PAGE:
I remember when my mother was dying — or, more accurately, when I realized she was dying. My first thought was that it couldn’t be happening, because life without her wasn’t imaginable. I looked around to hit the STOP button somewhere, but there just wasn’t one. So I resigned myself to the awful fact that I was indeed going to lose her, and all I could think about was how I could fill the time I had left with her with things that were meaningful and express to her all she meant to me.

The Genius of Marian is ostensibly about filmmaker Banker White’s late grandmother, the painter Marian Steele, and his mother Pam’s desire to memorialize her work. But Marian’s art winds up playing a very small (though important) role in the film, which soon becomes a three year study of Pam’s own decline due to early-onset Alzheimer’s at the age of 61.

White was privileged to come from an artistic family that bequeathed him a wealth of documentary photographs, family films, paintings and other visual media with which to paint a portrait of his mother’s life. A beautiful woman, she had been a model and done commercial work in her youth, and maintained a career as she raised her three children. She had the life that women born in the post-WWII years were supposed to aspire to but rarely achieved — a wonderful husband, successful children, devoted friends and a graceful New England upper-middle class lifestyle that had no material wants.

Watching Pam’s inexorable mental and physical decline over the course of the film is the kind of thing we’ve seen in documentaries before, always painful but not new territory. What makes The Genius of Marian unique and extremely emotional is the filmmaker’s use of the camera to try come to terms with the loss of his mother, and tell her everything he wants to say to her in the time they have remaining — even as he watches her slip away.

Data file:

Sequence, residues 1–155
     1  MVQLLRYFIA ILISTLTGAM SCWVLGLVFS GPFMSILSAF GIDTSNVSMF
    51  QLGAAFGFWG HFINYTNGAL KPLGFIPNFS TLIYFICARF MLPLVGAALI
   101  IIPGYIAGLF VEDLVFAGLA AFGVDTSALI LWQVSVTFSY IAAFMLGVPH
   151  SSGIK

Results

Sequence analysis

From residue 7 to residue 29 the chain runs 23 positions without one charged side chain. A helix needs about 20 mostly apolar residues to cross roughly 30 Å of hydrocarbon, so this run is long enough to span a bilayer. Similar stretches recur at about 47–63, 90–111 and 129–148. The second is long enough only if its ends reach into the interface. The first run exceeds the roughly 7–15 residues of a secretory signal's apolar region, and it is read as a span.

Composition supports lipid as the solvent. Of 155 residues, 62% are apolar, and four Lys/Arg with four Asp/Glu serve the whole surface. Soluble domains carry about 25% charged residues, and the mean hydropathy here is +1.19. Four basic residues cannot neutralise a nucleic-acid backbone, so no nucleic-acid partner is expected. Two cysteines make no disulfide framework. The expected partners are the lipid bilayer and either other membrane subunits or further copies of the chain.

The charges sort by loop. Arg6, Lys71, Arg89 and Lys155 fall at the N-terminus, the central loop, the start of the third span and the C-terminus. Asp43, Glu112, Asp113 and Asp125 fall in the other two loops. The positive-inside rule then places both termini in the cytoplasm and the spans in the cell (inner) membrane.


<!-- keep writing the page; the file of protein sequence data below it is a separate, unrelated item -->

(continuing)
It’s a really beautifully composed film and anyone who has lost a parent or loved one to the ravages of old age will be moved as they see the family members pull together to collectively cope with Pam’s decline, as well as her own personal struggle. There was one moment for me, however, that was one of the most honest and achingly painful I’ve ever seen in a film before, and I admit I had to put it on pause for a minute before continuing.

Banker is driving in the car with his mother, asking her questions, and it’s clear that the woman he’s known all his life is disappearing. Moment-by-moment changes are hard to mark, and every once in a while the family members have to stop and come to terms with what’s happening. The camera on the dashboard watches Banker and his mother as they just sit in the car, in silence, each looking out their own window. There wasn’t a word exchanged, but there is not an actor alive who could have silently rendered that feeling of loss and powerlessness so poignantly. Filmmakers like to hide behind the camera, and few have the courage to expose themselves so completely.

It was that moment that telegraphed the heart of the film, to me at least — that there’s no need to fill the moments you have left with someone with meaning, because they will fill themselves regardless of what you do. And as Banker White documents his mother’s life as it winds to a close, we see that it is filled with the quality of the relationships she’s built and the life she’s led.

We’re right there with Pam White when she says at the end of the film, “no regrets.”

The Genius of Marian premieres on PBS’s POV series next Monday night, September 8.  Check here for your local listing.